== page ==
Gini Dietrich

Five Reasons Communicators are Frustrated and Lonely

By: Gini Dietrich | February 23, 2017 | 

Five Reasons Communicators are Frustrated and LonelyWe often joke around here that our real jobs are that of therapists.

If you are on the agency side of what we do, you know what I mean.

How many of your meetings are spent with the client venting about how they have no support from their teams?

It happens all of the time and that’s because communicators tend to work in silos.

It turns out the CEO isn’t the only lonely one in the business.

The job of communications is pretty lonely, too.

Because most don’t understand what we do—and, let’s be fair, the industry (as a whole) does a terrible job of describing it—we’re cast off to our corners to do our “black magic.”

I’ve seen so many communicators frustrated by doing great work that goes unappreciated, by learning about things nearly too late to do anything, and by being cast into their corners.

There are lots of lonely communicators out there who are stuck in this place, and I’ve noticed some trends and similarities.

I want to share those insights with you…the major reasons why smart, talented, savvy communicators feel frustrated and lonely.

Reason #1: You Work in a Silo

As much as I really hate to see organizations that have silos (I did, after all, co-author Marketing in the Round), I’m not naive enough to pretend they don’t exist.

Too often, you learn about a new product the week before it launches, you sit outside a closed door meeting, only to discover you should have been in there to begin with because a crisis is brewing, or you’re asked to write yet another news release about something no one cares about.

Bottom line: You need access to information and you can’t get it in time to be effective.

Reason #2: You’re Constantly Asked, “What Am I Paying You to Do?”

Man, that’s so frustrating!

You just wrote yet another news release you knew no one would care about, but you have a great relationship with the news editor at the business journal and they agreed to do a profile.

The profile runs and, two days later, you’re asked, “So what is it I’m paying you to do?”

From the perspective of the person who is asking, it “just” took you one phone call to get that profile created. Why can’t they just pay you for that one story instead of a retainer or a salary?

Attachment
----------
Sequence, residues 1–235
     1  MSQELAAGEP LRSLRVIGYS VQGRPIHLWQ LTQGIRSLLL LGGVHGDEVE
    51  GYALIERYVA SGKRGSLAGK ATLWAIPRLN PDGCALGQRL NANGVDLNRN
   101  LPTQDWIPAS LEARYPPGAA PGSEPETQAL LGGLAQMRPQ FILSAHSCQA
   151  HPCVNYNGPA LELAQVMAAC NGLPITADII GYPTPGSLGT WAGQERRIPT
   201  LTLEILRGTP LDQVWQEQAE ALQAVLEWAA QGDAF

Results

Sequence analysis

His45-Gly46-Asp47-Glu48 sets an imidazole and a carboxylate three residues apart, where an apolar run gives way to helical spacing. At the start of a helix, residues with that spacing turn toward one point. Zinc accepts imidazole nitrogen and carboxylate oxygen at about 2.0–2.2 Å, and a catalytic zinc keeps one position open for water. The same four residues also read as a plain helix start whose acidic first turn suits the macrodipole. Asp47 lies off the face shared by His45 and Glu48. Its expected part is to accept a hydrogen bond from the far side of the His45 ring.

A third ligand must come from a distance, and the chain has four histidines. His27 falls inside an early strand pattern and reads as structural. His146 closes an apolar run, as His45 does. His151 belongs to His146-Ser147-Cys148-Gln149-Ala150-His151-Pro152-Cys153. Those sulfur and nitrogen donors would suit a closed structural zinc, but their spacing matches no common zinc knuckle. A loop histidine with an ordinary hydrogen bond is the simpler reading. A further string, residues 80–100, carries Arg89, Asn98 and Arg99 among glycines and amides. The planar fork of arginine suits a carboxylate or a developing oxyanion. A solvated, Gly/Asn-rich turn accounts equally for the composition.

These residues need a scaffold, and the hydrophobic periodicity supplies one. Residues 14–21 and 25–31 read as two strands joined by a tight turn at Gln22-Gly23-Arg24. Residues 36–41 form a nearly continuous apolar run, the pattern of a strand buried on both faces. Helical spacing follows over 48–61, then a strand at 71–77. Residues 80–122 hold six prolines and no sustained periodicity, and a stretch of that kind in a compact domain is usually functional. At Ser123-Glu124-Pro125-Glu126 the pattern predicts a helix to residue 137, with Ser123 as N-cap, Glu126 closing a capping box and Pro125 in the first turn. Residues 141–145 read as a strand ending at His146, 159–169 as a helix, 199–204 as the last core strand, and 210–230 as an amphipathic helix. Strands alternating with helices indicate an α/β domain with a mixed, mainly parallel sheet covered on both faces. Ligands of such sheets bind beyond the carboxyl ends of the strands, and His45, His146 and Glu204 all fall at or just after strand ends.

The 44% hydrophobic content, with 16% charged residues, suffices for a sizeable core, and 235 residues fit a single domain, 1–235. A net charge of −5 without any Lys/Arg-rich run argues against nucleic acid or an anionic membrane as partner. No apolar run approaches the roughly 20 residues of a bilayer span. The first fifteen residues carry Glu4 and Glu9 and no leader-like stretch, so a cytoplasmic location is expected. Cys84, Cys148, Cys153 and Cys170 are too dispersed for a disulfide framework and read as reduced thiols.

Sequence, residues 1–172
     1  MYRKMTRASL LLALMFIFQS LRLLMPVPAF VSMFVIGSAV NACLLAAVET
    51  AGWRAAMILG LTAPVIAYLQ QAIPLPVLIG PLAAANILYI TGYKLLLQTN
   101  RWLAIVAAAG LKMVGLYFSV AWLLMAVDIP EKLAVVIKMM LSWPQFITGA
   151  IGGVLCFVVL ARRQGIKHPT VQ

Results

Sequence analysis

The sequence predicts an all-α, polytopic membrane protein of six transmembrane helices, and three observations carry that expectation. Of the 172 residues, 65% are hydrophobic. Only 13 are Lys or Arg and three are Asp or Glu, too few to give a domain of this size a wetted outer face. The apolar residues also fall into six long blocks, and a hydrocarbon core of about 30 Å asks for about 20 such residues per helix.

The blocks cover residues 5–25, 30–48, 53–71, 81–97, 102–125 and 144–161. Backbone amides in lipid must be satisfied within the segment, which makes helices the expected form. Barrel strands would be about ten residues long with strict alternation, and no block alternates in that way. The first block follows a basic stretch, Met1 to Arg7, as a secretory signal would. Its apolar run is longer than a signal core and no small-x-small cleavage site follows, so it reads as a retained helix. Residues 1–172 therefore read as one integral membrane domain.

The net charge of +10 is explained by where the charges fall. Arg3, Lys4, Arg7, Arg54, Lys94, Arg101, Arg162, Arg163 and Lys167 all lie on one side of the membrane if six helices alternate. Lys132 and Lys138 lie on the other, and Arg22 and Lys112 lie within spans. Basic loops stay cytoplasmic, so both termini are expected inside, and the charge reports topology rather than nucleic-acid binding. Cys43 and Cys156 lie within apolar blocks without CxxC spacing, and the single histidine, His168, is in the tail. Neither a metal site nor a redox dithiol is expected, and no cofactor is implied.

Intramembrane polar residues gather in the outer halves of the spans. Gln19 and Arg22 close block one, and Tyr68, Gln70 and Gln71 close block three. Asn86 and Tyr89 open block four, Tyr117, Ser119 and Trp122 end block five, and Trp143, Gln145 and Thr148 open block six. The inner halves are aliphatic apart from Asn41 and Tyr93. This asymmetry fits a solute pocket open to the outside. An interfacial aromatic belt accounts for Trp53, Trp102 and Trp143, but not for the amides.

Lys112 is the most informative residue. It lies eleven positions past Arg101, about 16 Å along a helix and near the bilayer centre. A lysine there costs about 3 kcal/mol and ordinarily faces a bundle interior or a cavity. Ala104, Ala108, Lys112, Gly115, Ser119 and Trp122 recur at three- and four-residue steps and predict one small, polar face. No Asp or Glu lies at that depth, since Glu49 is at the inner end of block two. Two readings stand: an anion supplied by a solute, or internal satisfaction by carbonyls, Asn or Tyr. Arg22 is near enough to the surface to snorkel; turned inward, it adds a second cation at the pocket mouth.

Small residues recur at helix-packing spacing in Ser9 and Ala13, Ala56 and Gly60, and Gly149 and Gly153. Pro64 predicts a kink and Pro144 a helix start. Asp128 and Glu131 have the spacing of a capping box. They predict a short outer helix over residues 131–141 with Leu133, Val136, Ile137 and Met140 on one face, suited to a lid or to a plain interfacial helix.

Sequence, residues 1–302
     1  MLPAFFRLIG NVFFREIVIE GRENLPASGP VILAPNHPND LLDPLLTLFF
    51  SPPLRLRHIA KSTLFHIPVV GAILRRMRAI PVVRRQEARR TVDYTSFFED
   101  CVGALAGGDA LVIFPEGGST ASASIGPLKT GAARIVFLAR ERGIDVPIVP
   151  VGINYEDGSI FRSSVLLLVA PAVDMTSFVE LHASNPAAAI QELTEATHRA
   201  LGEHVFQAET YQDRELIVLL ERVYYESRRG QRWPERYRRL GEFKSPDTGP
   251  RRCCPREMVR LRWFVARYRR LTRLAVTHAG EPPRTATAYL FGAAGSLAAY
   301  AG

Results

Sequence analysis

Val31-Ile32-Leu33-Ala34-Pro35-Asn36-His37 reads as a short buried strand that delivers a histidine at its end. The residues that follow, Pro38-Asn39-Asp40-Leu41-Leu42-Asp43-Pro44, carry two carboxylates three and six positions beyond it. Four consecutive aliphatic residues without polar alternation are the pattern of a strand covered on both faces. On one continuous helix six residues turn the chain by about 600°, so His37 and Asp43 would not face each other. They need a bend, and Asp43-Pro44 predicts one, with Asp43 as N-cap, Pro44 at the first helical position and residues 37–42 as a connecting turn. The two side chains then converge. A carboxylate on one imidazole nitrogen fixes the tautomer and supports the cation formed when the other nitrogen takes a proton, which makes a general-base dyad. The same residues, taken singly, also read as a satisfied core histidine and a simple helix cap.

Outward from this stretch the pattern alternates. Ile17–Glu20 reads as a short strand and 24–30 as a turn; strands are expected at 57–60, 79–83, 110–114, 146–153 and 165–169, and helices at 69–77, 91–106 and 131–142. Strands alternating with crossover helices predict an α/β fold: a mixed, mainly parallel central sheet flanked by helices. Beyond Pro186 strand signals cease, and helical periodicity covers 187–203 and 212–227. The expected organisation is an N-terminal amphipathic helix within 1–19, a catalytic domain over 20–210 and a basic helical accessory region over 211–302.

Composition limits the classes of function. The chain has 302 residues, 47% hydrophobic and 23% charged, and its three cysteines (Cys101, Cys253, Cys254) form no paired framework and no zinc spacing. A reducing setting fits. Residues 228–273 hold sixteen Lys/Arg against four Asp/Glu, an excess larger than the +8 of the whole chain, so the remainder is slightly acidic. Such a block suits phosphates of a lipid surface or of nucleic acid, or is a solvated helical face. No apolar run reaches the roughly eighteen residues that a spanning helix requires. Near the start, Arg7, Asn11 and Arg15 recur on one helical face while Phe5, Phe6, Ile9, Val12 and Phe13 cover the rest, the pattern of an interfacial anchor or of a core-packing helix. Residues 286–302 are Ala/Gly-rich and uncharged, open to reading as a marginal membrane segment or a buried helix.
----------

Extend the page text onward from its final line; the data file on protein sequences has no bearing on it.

Reason #3: Communicators Have More Down Days than Up

Our clients spend a lot of their days the same as you—frustrated by the down days.

There are lots of down days—days where you don’t think you’re doing the right things and question yourself…mostly because you’re constantly being questioned. Your only escape is to read blogs and figure out what the experts teach to confirm you are doing the right things.

It’d be great if you could have more up days than down.

Reason #4: Loss of Confidence

One day, you’re told you have the passion of the owner.

The next, you’re crying in a corner because you’re asked to write another news release about a new hire or another client added or an award won.

That dent in the wall?

It’s there from you banging your head against it.

Not to mention all of the really targeted pitches you’ve sent, that no one is answering…and your boss (or client) is beginning to lose patience. And you’ve begun to lose your confidence.

You sit and wonder, “Am I really made for this job? Why won’t anyone respond to me?”

Quick hint: It’s not you. You are made for this job. You’re really pretty good at it. You just need someone to boost you up.

Reason #5: Plain Old Loneliness

How often have you wondered how much easier life would be if you had a job you could leave at work at the end of the day?

Trust me, I’ve been there.

Sometimes I think, “Wow. To be a barista and leave work and not have to answer emails or do reports or time entry or INVOICES. That would be amazing.”

We love what we do, but we’re not so sure it loves us back.

Then, the next day, you’re handling 17 balls and not a single one drops and you think, “That’s right! I’m the bomb!”

We live for those days.

We persevere and hope it’s all worth it in the end.

And, it is worth it—in between the “what am I paying you to do?” and “why did it take so long for you to do this?” questions.

It is worth it. You’re just feeling plain old loneliness. And that can be fixed.